Moving onwards along the coastal path which from our point of joining the route, was to the left and towards Par village, our destination for the day. To the right along the coastal path is the Georgian town of Charlestown with its stunning harbour created by Charles Rashleigh and which looks to this day, as perfect and historic as ever, it’s one of those places that seem to just transport you back in time, the tall ships especially so.
Back to our walk towards Par village and throughout the length of this section, the coastal path runs along side the Carlyon Bay golf course, which stretches for miles, so if you’re an avid golfer you might find this stretch interesting in more ways than one and be taking note of the views either side of you!
We kept our dogs on leads through the main part of the route due to it being so close to the golf course and obviously to keep them away from the edge of the cliffs, especially dangerous for Bandit who likes to scurry about in the undergrowth, the edge was obscured by bushes and brambles and though not close to the path by any means, could be discovered by a small, curious dog!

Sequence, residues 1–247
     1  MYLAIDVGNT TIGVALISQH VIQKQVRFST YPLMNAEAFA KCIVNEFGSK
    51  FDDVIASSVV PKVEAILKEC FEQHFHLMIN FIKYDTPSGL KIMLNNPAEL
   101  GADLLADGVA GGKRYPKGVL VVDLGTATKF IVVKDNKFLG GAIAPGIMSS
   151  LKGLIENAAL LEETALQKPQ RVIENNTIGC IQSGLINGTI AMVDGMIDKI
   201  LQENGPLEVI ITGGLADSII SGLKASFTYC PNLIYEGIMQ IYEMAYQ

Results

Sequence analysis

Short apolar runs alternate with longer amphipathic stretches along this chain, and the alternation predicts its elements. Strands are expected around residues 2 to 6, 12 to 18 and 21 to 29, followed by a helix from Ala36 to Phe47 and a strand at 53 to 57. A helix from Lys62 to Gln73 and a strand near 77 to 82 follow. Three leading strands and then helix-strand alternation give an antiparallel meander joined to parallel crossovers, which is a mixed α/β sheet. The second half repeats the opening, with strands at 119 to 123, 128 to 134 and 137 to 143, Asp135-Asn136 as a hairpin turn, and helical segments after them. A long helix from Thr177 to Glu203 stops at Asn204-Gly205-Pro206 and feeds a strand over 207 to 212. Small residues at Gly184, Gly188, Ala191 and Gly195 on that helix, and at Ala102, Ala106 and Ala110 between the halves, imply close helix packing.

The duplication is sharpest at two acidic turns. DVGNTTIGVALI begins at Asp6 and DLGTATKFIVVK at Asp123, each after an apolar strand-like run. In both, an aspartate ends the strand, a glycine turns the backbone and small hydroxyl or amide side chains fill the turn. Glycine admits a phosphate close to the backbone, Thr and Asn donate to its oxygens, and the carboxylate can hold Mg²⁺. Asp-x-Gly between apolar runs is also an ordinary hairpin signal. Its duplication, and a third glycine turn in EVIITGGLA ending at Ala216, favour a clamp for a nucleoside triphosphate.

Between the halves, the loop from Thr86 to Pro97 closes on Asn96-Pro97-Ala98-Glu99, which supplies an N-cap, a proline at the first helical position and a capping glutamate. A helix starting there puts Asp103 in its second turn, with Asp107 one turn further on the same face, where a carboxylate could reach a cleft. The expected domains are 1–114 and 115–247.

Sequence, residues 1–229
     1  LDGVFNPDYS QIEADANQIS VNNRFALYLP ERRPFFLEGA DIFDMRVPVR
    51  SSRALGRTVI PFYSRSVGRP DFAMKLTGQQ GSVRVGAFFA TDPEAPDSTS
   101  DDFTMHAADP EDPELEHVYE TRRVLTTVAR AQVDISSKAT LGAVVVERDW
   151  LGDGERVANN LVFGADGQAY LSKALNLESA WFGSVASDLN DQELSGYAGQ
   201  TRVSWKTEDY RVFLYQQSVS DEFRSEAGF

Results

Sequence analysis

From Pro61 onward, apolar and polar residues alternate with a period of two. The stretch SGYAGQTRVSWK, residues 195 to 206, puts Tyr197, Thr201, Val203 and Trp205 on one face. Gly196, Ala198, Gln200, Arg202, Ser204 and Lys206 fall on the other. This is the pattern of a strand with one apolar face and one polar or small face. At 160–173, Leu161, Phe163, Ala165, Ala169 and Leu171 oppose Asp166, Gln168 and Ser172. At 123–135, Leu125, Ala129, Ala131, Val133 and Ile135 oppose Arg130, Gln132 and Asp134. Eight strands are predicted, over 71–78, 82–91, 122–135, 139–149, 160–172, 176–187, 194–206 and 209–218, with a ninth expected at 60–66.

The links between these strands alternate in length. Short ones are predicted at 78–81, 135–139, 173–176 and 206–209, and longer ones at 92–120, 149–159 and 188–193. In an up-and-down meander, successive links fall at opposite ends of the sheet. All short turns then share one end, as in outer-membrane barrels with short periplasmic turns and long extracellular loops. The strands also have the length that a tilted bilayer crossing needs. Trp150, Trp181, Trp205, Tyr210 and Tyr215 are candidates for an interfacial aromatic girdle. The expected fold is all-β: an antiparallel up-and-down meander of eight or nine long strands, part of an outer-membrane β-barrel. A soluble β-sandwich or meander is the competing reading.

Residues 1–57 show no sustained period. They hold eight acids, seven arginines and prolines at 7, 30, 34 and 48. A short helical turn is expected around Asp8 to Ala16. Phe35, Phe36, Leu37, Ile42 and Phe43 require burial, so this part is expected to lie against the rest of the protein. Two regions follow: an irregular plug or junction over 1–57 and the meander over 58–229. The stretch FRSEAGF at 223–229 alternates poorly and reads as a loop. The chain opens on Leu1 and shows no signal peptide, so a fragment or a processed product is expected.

I would advise walking boots for this walk due to the occasional muddy stretches of the path, especially if it’s been a rainy few days, we were glad to be wearing boots, even though the day was gloriously warm, it had not dried up the sticky mud. We spotted a little pathway through the bushes leading to a rocky area, I add with discretion, don’t take risks near cliffs. This was a peaceful spot to take time out and ponder, looking out to sea and watching the waves lapping up a nearby cove beach, this one was not easily reachable but was non-the-less lovely to see and to the other side we looked back towards Carlyon Bay, which was now in the distance. We always carry extra water for the dogs, so we gave them a good drink while we were off the track.
The next stop on the coastal path was a short visit to Spit Point beach which is dog friendly all year round, the beach is very clean and a local organised beach clean was in full swing on the day of our visit. We couldn’t walk along the beach too far because the tide was high as we arrived, I spotted a lovely rock formation with an archway through it that I just had to photograph, it was quite a snap happy day using my phone and camera. I’d love to return to this beach on our next trip and stroll along a little more when the tide is at it’s lowest point, maybe bring a picnic.